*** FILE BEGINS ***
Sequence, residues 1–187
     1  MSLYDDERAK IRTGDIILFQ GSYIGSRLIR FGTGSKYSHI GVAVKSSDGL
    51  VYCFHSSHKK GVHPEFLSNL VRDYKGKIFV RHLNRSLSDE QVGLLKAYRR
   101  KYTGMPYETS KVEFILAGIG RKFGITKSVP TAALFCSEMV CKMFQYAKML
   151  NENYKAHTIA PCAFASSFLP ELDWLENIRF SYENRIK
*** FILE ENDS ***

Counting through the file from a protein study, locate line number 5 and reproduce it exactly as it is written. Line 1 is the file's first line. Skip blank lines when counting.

   151  NENYKAHTIA PCAFASSFLP ELDWLENIRF SYENRIK